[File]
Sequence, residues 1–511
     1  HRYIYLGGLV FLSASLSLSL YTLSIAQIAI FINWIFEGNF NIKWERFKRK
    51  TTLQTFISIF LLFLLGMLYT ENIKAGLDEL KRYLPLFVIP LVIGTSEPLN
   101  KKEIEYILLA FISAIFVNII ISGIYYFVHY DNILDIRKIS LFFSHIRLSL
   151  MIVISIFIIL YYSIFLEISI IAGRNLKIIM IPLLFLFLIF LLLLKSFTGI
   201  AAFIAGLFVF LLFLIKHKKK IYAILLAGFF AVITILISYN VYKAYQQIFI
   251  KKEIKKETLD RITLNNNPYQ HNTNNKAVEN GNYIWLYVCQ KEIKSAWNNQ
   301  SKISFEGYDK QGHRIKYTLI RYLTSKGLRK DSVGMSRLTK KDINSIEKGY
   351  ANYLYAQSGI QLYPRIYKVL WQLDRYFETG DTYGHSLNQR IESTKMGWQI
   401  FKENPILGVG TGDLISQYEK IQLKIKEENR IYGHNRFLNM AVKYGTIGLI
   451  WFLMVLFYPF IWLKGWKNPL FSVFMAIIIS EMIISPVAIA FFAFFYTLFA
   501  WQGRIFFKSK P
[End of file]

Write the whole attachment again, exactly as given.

Sequence, residues 1–511
     1  HRYIYLGGLV FLSASLSLSL YTLSIAQIAI FINWIFEGNF NIKWERFKRK
    51  TTLQTFISIF LLFLLGMLYT ENIKAGLDEL KRYLPLFVIP LVIGTSEPLN
   101  KKEIEYILLA FISAIFVNII ISGIYYFVHY DNILDIRKIS LFFSHIRLSL
   151  MIVISIFIIL YYSIFLEISI IAGRNLKIIM IPLLFLFLIF LLLLKSFTGI
   201  AAFIAGLFVF LLFLIKHKKK IYAILLAGFF AVITILISYN VYKAYQQIFI
   251  KKEIKKETLD RITLNNNPYQ HNTNNKAVEN GNYIWLYVCQ KEIKSAWNNQ
   301  SKISFEGYDK QGHRIKYTLI RYLTSKGLRK DSVGMSRLTK KDINSIEKGY
   351  ANYLYAQSGI QLYPRIYKVL WQLDRYFETG DTYGHSLNQR IESTKMGWQI
   401  FKENPILGVG TGDLISQYEK IQLKIKEENR IYGHNRFLNM AVKYGTIGLI
   451  WFLMVLFYPF IWLKGWKNPL FSVFMAIIIS EMIISPVAIA FFAFFYTLFA
   501  WQGRIFFKSK P